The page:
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Ophryacus undulatus (JAN, 1859)

IUCN Red List - Ophryacus undulatus - Vulnerable, VU

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Higher TaxaViperidae, Crotalinae, Colubroidea, Alethinophidia, Serpentes, Squamata (snakes) 
Common NamesSlender-horned Pitviper, Mexican Horned Pit Viper 
SynonymTrigonocephalus (Atropos) undulatus JAN 1859
Teleuraspis undulatus — GARMAN 1884: 126
Ophryacus undulatus — FERRARI-PÉREZ 1886 (nom. nud.)
Lachesis undulatus BOULENGER 1896
Ophryacus undulatus — CAMPBELL & LAMAR 1989: 311
Ophryacus undulatus — LINER 1994
Ophryacus undulatus — WELCH 1994: 95
Ophryacus undulatus — MCDIARMID, CAMPBELL & TOURÉ 1999: 314
Ophryacus undulatus — JADIN et al. 2011
Ophryacus undulatus — WALLACH et al. 2014: 508 
DistributionMexico (Guerrero, Oaxaca: Sierra Madre Oriental, Mesa del Sur, Sierra Madre del Sur; Puebla, Hidalgo, Veracruz)

Type locality: "Messico" [Mexico]. Proposed restriction to "Orizaba, Veracruz, Mexico" by Smith and Taylor, 1950: 350.  
TypesSyntypes: MSNM (2), Milan Museum, lost during WW II (S. Scali, pers. comm., cited in GRÜNWALD et al. 2015). 

Habitat: forests

Synonyms: Bothrops sphenophrys SMITH 1960 has been removed from the synonymy of O. undulatus by GRÜNWALD et al. 2015.

Sympatry: O. sphenophrys and O. undulatus have been collected within 7 km of one another.

Type species: Trigonocephalus undulatus JAN 1859 is the type species of the genus Ophryacus COPE 1887. 
EtymologyEtymology (genus): The generic name is derived from the Greek ophrys, meaning brow, and the Latin acus, meaning pointed, obviously in reference to the dis- tinctive supraocular spine-like scale. 
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  • Campbell, J.A. & Lamar, W.W. 1989. The Venomous Reptiles of Latin America. Comstock Publishing/Cornell University Press, Ithaca
  • Canseco-Márquez, L., & Gutiérrrez-Mayén, M.G. 2010. Anfibios y reptiles del Valle de Tehuacán-Cuicatlán. Comisión Nacional para el conocimiento y uso de la biodiversidad, México D.F., Mexico, 302 pp - get paper here
  • Canseco-Marquez,L.; Gutierrez-Mayen,G. & Salazar-Arenas,J. 2000. New records and range extensions for amphibians and reptiles from Puebla, México. Herpetological Review 31 (4): 259-263 - get paper here
  • Casas-Andreu, G., F.R. Méndez-De la Cruz and X. Aguilar-Miguel. 2004. Anfibios y Reptiles; pp. 375–390, in A.J.M. García-Mendoza, J. Ordoñez and M. Briones-Salas (ed.). Biodiversidad de Oaxaca. Instituto de Biología, UNAM-Fondo Oaxaqueño para la Conservación de la Naturaleza-World Wildlife Fund, México, D. F.
  • Garman,Samuel 1884. The reptiles and batrachians of North America. Mem. Mus. comp. Zool, Cambridge (Massachusetts), 8 (3): xxxiv + 185 pp. [1883] [CNAH reprint 10] - get paper here
  • Grünwald, Christoph Imre, Nadia Pérez-Rivera, Iván Trinidad Ahumada-Carrillo, Héctor Franz-Chávez and Brandon Thomas La Forest. 2016. New distributional records for the herpetofauna of Mexico. Herpetological Review 47 (1): 85-90
  • Grünwald, Christoph I.; Jason M. Jones, Hector Franz-Chávez, and Iván T. Ahumada-Carrillo 2015. A new species of Ophryacus (Serpentes: Viperidae: Crotalinae) from eastern Mexico, with commentson the taxonomy of related pitvipers. Mesoamerican Herpetology 2 (4): 388 - get paper here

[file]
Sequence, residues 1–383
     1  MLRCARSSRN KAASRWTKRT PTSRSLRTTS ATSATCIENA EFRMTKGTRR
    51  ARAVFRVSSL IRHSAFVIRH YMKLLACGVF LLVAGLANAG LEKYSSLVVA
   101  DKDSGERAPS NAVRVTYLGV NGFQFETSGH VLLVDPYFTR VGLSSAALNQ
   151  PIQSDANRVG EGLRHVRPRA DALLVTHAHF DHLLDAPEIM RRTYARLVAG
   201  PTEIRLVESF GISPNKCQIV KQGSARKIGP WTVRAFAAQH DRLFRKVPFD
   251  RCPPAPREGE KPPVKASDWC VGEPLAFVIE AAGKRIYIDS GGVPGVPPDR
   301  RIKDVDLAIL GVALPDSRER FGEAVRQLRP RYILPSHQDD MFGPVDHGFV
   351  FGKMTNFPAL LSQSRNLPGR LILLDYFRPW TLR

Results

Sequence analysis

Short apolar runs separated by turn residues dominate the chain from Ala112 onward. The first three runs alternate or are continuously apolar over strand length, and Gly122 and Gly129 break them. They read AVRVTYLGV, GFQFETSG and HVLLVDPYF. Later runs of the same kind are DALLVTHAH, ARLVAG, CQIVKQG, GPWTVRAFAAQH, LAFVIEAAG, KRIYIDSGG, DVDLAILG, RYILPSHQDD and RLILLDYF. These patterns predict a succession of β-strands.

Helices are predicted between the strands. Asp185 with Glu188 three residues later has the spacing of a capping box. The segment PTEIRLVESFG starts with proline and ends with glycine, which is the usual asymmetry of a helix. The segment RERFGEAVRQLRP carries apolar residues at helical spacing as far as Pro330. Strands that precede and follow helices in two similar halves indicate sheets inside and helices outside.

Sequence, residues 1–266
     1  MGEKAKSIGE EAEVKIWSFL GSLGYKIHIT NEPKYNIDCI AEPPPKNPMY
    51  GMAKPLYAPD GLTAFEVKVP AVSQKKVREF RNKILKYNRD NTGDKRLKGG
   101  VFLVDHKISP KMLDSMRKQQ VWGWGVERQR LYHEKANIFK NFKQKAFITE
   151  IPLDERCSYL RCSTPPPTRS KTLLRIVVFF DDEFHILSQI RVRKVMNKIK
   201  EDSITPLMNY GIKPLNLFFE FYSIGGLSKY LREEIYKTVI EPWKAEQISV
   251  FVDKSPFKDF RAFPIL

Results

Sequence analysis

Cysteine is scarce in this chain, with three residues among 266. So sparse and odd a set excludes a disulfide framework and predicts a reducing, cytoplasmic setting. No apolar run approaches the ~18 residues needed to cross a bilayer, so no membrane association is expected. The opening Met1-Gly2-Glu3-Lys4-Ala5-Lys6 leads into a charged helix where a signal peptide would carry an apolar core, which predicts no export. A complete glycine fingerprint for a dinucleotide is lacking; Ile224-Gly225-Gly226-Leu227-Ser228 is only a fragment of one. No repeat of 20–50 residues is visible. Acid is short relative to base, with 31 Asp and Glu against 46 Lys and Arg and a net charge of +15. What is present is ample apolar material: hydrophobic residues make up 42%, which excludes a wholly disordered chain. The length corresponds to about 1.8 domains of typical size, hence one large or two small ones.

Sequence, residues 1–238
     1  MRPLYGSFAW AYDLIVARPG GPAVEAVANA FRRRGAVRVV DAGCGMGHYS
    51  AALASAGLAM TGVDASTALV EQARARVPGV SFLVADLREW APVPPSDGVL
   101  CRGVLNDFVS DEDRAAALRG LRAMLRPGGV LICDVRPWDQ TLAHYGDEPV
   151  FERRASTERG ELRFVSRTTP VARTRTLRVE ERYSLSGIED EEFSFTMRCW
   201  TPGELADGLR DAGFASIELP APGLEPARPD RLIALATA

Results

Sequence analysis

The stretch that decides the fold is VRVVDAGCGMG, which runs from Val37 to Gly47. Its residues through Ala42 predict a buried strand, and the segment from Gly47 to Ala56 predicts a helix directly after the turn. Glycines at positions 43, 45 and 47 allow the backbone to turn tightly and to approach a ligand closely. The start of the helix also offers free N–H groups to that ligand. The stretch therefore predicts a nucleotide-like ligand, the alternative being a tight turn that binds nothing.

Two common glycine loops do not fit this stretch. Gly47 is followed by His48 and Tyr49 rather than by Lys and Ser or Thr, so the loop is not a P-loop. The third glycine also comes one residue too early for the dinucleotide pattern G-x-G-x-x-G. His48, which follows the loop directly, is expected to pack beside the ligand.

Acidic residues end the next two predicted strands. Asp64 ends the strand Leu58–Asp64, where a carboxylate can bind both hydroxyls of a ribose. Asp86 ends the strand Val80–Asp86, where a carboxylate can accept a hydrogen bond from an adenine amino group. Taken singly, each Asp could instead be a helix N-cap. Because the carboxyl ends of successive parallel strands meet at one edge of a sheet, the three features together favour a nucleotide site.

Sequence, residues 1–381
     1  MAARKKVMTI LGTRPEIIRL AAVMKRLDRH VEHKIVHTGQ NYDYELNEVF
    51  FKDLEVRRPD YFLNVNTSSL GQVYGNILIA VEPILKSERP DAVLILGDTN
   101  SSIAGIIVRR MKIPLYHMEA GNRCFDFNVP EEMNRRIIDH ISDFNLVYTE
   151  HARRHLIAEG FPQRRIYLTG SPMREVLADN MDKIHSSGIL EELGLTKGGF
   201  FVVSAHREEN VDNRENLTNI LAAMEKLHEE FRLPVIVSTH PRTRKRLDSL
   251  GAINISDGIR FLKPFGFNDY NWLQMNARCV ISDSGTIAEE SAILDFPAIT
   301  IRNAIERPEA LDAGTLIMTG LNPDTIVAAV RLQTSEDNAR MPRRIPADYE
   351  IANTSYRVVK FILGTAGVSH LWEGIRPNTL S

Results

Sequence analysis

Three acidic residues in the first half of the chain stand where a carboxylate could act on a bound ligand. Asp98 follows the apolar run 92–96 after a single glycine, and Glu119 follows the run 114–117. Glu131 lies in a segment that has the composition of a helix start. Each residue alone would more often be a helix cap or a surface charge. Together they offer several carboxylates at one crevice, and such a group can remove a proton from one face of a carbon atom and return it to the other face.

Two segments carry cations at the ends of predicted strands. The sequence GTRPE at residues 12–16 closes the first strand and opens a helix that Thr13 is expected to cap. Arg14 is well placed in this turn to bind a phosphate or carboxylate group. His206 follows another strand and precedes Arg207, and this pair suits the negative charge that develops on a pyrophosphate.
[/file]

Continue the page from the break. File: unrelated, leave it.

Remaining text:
• Heimes, P. 2016. Snakes of Mexico. Chimaira, Frankfurt, 572 pp
  • JADIN, ROBERT C.; ERIC N. SMITH and JONATHAN A. CAMPBELL 2011. Unravelling a tangle of Mexican serpents: a systematic revision of highland pitvipers. Zoological Journal of the Linnean Society 163: 943–958
  • Jan, G. 1859. Plan d'une iconographie descriptive des ophidiens et description sommaire de nouvelles espèces de serpents. Rev. Mag. Zool., Paris (2) (11-12): 122-130
  • Lemos-Espinal, Julio A., Geoffrey R. Smith 2015. Amphibians and reptiles of the state of Hidalgo, Mexico. Check List 11 (3): 1642 - get paper here
  • Mata-Silva, Vicente, Jerry D. Johnson, Larry David Wilson and Elí García-Padilla. 2015. The herpetofauna of Oaxaca, Mexico: composition, physiographic distribution, and conservation status. Mesoamerican Herpetology 2 (1): 6–62 - get paper here
  • McDiarmid, R.W.; Campbell, J.A. & Touré,T.A. 1999. Snake species of the world. Vol. 1. [type catalogue] Herpetologists’ League, 511 pp.
  • O’Shea, M. 2018. The Book of Snakes. Ivy Press / Quarto Publishing, London, - get paper here
  • PALACIOS-AGUILAR, RICARDO & OSCAR FLORES-VILLELA 2018. An updated checklist of the herpetofauna from Guerrero, Mexico. Zootaxa 4422 (1): 1-24 - get paper here
  • Parkinson,C.L. 1999. Molecular systematics and biogeographical history of pitvipers as determined by mitochondrial ribosomal DNA sequences. Copeia 1999 (3): 576-586 - get paper here
  • Ramírez-Jiménez, Francisco, Pablo R. Simón-Salvador, Elí García-Padilla, Vicente Mata-Silva and Larry David Wilson. 2016. Ophryacus undulatus (Jan, 1859). Mexico, Oaxaca. Mesoamerican Herpetology 3(4): 1069 - get paper here
  • Solano-Zavaleta, Israel, Andrés Alberto Mendoza-Hernández and Luis Canseco-Márquez. 2010. Geographic distribution: Ophryacus undulatus. Herpetological Review 41 (3): 381 - get paper here
  • Taggart, Travis W., Brian I. Crother, and Mary E. White 2001. Palm-pitviper (Bothriechis) phylogeny, mtDNA, and consilience. Cladistics 17: 355-370 - get paper here
  • Wallach, Van; Kenneth L. Williams , Jeff Boundy 2014. Snakes of the World: A Catalogue of Living and Extinct Species. [type catalogue] Taylor and Francis, CRC Press, 1237 pp.
  • Woolrich-Piña, G. A., E. García-Padilla, D. L. DeSantis, J. D. Johnson, V. Mata-Silva, and L. D. Wilson. 2017. The herpetofauna of Puebla, Mexico: composition, distribution, and conservation status. Mesoamerican Herpetology 4(4): 791–884
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